This month I’m going to try and concentrate on the Fish chapter – I have recently discovered an excellent company called The Fish Society. They sell all the fishy things you’d expect, plus some things that are hard to get hold of. I have made full use of this and received a big order of bloaters, smoked sprats, pike and smoked cod’s roe amongst other things. This is not to say that I have stopped going to Out of the Blue, my favourite fishmonger’s shop, it’s just that some things are not in demand.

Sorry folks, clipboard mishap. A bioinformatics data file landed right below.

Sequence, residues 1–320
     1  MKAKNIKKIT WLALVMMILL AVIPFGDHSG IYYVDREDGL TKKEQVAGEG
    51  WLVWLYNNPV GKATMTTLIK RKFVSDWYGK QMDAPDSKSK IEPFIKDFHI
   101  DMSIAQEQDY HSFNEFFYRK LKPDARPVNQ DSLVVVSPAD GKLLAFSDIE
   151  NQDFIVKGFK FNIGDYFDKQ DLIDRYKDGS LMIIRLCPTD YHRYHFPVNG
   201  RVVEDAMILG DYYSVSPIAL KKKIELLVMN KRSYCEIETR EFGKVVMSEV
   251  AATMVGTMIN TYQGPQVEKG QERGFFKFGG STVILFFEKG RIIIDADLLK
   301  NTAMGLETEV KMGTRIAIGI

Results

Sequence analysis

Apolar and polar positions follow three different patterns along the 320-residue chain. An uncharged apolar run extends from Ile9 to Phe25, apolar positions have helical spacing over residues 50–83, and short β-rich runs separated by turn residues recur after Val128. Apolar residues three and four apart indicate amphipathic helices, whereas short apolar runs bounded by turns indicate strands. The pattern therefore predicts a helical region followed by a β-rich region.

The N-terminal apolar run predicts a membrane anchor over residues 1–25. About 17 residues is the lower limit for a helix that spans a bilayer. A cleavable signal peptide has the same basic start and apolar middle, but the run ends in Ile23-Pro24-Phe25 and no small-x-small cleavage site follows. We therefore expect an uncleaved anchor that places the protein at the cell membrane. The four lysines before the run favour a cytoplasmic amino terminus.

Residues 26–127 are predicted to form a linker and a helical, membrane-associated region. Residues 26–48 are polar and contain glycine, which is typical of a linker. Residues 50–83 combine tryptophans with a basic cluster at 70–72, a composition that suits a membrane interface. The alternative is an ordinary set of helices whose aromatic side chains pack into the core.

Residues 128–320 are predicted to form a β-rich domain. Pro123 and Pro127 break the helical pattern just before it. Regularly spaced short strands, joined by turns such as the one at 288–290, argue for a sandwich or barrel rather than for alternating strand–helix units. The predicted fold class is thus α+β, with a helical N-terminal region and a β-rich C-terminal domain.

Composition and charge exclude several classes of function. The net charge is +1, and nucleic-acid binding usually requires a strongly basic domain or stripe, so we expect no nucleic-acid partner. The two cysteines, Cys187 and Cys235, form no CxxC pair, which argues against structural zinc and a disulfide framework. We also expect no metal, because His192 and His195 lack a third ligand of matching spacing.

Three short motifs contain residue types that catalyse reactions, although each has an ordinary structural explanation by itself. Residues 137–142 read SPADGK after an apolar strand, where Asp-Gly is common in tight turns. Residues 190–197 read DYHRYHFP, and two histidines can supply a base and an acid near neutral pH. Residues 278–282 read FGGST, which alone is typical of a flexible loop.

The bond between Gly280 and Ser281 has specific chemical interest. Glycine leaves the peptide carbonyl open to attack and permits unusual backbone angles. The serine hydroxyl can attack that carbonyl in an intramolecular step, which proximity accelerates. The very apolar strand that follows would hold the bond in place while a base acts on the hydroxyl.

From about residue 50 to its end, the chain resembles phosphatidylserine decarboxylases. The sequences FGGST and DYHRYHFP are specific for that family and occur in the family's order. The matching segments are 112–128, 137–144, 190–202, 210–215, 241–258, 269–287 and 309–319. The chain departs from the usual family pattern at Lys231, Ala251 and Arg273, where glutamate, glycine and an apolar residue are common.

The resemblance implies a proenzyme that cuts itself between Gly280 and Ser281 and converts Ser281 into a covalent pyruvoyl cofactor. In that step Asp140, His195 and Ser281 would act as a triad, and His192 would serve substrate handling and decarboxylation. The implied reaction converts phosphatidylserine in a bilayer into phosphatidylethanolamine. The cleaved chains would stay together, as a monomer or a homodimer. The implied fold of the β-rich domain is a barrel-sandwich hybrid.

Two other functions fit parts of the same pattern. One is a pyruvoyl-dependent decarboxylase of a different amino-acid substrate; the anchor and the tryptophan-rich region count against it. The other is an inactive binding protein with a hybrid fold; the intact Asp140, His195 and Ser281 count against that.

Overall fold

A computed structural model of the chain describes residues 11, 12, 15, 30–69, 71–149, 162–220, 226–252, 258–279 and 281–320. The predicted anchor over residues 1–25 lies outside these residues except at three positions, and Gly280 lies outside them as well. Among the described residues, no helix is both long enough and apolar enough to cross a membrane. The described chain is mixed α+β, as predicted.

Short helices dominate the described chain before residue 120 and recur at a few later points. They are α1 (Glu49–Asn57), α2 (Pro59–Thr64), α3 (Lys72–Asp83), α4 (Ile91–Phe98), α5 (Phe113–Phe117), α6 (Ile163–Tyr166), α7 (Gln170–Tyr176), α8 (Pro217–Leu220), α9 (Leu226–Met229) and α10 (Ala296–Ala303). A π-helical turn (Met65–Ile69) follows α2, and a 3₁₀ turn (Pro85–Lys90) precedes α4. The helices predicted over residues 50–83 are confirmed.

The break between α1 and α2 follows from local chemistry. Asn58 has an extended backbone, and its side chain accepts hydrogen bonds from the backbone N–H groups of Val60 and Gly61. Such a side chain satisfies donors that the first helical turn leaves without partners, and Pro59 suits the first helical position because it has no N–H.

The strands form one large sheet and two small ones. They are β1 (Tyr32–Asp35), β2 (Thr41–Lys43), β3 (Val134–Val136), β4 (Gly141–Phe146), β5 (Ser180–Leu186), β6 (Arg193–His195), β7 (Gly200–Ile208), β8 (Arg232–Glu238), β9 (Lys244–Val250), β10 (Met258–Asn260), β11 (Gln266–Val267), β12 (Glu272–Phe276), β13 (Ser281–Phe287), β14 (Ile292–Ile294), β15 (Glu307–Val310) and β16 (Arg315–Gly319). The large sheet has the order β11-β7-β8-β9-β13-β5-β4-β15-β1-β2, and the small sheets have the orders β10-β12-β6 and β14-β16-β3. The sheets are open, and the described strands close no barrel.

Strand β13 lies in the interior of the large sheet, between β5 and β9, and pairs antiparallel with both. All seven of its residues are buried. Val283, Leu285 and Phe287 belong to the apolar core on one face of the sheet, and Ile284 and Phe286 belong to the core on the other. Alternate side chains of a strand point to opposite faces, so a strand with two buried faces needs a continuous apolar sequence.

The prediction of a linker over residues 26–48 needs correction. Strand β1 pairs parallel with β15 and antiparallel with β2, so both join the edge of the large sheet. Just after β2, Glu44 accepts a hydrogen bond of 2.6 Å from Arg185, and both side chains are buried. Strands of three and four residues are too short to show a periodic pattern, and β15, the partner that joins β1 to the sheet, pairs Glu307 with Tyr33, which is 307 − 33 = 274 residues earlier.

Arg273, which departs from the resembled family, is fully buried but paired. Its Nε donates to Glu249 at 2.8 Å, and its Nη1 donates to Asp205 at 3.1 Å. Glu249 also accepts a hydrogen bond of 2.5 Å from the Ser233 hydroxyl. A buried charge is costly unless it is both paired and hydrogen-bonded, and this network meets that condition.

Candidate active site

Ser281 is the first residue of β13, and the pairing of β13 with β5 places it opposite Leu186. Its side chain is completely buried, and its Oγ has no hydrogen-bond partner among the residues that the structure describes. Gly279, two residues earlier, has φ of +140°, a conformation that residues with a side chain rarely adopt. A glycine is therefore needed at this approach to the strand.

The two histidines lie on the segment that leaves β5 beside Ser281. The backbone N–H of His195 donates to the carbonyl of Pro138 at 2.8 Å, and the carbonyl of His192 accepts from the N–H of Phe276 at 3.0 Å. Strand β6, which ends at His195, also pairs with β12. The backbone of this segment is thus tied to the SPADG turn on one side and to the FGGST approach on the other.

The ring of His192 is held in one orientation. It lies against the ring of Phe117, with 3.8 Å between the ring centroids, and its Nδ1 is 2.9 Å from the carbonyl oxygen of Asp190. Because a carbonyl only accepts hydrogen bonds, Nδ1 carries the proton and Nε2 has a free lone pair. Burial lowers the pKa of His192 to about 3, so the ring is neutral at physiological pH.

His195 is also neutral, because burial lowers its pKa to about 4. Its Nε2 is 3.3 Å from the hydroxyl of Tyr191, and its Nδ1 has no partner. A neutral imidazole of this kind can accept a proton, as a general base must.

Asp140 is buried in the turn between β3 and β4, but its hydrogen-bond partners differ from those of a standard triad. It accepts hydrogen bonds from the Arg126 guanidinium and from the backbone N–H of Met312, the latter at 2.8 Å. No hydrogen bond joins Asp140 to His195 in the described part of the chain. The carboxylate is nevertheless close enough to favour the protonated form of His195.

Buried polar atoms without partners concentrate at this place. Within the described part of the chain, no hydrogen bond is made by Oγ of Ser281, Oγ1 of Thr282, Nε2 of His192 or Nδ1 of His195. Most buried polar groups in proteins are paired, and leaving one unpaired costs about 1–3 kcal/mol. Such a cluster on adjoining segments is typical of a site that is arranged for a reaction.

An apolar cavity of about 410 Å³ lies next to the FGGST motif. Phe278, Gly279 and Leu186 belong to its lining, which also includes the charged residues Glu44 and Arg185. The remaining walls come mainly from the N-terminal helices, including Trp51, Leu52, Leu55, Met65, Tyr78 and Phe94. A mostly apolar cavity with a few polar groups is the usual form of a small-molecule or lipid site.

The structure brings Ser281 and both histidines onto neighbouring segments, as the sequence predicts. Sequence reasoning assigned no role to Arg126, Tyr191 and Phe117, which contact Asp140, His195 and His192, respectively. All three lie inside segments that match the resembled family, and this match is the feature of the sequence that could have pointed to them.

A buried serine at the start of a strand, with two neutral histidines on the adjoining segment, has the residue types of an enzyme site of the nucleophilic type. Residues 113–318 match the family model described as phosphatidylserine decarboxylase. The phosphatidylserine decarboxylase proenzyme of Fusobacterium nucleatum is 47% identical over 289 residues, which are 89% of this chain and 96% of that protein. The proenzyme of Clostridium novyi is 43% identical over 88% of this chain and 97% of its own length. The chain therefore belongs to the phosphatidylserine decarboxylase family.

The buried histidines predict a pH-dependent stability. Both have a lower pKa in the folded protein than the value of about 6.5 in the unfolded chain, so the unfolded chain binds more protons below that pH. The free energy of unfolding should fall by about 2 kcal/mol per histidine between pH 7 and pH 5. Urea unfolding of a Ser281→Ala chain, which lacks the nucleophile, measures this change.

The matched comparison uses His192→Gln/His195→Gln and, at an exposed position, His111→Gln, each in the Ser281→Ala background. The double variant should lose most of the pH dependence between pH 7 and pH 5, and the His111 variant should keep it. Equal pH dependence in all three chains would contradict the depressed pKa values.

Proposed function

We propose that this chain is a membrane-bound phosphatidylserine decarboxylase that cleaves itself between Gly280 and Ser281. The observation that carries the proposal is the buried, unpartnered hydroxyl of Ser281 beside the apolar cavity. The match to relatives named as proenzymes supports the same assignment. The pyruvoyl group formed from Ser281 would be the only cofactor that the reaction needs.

Anyways, here’s the list of seasonal foods for April:

Vegetables: broccoli, cabbages, cauliflower, spring and winter greens, lettuce, radishes, sea kale, sorrel, watercress.

Fruit: rhubarb.

Wild greens and herbs: alexanders, chickweed, chives, cow parsley (wild chervil), dandelions, fat hen, hogwood shoots, hop shoots, meadowsweet leaves, nettles, sea kale, sea spinach, sorrel, watercress, wild garlic, wild rocket.

Wild flowers and fruits: primroses

Fungi, nuts and saps: morels, St. George’s mushroom

Fish and shellfish: cockles, crab, oysters, pollack, salmon, sea trout

Game: woodpigeon, rabbit, venison.